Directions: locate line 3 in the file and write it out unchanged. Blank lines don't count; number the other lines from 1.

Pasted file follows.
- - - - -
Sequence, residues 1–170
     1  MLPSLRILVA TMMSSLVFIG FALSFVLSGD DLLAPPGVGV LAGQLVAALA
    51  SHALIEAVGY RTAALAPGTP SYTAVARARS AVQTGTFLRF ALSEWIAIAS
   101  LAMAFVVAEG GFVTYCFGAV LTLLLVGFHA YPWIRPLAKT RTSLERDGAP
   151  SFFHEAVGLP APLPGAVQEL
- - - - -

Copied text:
    51  SHALIEAVGY RTAALAPGTP SYTAVARARS AVQTGTFLRF ALSEWIAIAS